The front court of Blenheim Palace faces north-west, with a paved path leading straight as an arrow towards Capability Brown's Grand Bridge across The Lake at the bottom of the hill. In the distance, beyond the bridge, you can see the Column of Victory on the top of the hill. Simply walk down the paved path to the bridge.
Make sure you have your Palace entrance ticket with you; you will need it to get back across the bridge!
Cross the bridge and take the path on the left. After a few feet, you will see a gate in the fence. Go through the gate and follow the obvious path down the slope to the water's edge. You will see the Harry Potter Tree on your right.
From the Palace courtyard to the Harry Potter Tree is no more than 800 yards (500m) and should take only five minutes.
Members of the public are invited to access the Blenheim Park grounds freely. There are several entrances to the Park. The one best placed for the Harry Potter Tree is located on The Causeway (the A44). This entrance is not signposted, but it is extremely easy to find.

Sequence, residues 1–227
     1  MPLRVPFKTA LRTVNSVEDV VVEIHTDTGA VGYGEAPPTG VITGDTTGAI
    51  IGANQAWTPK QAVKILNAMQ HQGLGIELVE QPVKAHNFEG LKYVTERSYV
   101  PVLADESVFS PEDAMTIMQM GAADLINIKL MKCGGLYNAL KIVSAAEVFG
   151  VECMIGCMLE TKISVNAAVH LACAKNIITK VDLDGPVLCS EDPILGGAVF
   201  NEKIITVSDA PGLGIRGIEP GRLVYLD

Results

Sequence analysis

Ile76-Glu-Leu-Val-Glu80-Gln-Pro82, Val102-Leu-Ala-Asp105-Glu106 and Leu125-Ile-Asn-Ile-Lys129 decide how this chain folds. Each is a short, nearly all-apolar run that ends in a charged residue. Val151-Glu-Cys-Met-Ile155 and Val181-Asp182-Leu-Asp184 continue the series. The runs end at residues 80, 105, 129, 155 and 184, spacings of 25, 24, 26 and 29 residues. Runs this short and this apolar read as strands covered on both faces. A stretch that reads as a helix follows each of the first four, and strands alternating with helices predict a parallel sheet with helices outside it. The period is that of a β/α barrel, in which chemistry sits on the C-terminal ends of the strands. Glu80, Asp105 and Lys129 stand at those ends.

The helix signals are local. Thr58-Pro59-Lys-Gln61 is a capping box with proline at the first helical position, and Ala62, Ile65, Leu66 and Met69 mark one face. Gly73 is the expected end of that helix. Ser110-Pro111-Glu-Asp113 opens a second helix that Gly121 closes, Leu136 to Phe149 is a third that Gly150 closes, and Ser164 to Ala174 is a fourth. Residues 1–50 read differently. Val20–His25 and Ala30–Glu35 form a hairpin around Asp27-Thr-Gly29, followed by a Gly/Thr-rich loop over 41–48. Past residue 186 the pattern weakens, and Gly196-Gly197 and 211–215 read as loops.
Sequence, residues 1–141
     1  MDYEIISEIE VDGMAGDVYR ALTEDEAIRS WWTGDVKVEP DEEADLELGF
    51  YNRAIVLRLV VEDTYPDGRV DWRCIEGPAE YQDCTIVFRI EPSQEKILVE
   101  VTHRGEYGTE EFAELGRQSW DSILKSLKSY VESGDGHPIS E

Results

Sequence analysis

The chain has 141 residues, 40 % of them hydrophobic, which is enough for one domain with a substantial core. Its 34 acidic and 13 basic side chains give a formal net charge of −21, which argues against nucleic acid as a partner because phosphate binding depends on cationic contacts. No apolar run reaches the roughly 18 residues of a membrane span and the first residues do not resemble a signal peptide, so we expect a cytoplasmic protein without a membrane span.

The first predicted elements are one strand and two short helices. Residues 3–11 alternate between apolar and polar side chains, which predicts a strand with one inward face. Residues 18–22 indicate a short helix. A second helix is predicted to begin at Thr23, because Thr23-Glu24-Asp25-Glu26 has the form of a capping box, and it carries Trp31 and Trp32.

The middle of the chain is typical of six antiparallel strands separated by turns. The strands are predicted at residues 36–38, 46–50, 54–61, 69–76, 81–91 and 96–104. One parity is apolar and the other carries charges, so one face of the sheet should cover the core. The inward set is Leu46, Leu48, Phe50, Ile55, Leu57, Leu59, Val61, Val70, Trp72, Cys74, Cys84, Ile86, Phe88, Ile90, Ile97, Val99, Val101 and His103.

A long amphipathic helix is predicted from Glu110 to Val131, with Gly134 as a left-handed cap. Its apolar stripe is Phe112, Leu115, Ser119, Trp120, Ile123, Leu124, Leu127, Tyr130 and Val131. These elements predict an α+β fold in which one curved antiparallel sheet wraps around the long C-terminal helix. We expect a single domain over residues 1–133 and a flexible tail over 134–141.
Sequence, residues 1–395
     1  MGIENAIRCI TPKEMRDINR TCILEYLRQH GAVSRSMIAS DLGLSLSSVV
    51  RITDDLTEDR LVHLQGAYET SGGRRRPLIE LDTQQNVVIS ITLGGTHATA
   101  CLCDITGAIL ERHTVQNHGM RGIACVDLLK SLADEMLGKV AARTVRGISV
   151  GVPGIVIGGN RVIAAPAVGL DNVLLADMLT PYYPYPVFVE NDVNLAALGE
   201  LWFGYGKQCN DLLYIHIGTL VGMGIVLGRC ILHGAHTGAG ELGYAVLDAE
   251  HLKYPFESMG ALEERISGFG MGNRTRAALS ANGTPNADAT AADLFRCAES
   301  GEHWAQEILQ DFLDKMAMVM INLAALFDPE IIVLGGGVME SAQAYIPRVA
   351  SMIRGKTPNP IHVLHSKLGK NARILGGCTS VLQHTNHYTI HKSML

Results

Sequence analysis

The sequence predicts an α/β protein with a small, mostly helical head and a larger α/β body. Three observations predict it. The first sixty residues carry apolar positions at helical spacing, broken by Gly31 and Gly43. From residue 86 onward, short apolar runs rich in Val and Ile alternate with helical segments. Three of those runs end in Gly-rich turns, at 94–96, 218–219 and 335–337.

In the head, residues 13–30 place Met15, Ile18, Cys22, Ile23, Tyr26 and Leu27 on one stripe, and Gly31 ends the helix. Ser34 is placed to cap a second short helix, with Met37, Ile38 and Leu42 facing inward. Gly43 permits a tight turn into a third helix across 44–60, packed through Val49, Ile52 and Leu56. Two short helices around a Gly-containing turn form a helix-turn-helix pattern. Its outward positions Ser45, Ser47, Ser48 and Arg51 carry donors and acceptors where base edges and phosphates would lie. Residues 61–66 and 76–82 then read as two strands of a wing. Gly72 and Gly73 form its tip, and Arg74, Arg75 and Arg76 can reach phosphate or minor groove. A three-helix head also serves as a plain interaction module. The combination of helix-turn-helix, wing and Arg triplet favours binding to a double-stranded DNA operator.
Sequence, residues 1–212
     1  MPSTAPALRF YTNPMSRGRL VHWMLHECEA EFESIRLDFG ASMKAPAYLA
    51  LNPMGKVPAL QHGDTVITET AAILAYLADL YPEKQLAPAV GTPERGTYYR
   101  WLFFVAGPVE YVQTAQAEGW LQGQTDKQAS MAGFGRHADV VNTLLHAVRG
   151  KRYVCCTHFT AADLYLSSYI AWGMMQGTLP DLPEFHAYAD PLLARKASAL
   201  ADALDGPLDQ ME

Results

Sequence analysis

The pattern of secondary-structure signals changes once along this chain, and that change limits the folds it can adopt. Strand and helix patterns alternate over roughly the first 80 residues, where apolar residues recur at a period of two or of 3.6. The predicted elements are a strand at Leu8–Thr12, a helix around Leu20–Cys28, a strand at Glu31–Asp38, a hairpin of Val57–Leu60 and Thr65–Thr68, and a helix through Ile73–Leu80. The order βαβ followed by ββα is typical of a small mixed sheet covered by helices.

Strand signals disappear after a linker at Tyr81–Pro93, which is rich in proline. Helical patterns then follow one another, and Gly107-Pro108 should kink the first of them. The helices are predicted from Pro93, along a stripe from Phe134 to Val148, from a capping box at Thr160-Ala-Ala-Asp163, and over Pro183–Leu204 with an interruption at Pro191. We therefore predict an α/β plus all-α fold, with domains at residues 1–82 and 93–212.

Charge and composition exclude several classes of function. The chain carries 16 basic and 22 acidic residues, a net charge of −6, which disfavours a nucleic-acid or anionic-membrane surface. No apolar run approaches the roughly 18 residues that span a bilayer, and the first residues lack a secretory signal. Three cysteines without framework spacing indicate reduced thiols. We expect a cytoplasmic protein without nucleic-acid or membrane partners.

From the Woodstock town hall on Market Place face west, towards the post office and the Oxfordshire Museum. On your right you will see Brown's Lane, a narrow road leading down the slope of the hill. Follow the lane to a set of stone steps that take you to Oxford Street (the A44). Turn left and follow the walkway past a row of terraced houses.
Past the terrace, you will see a green gate that gives access to a private drive. Don't worry! The drive may be private, but this is indeed a public right of way and, in our experience, the gate is always open daylight hours. This access gate is located at SP442169.
If you reach the Black Prince pub, you've gone too far!
Go through the green gate and you will see another green gate on your left, leading through a high stone wall. Go through this second gate and you will find yourself in Blenheim Park. To your left is an attractive low stone bridge across the River Glyme.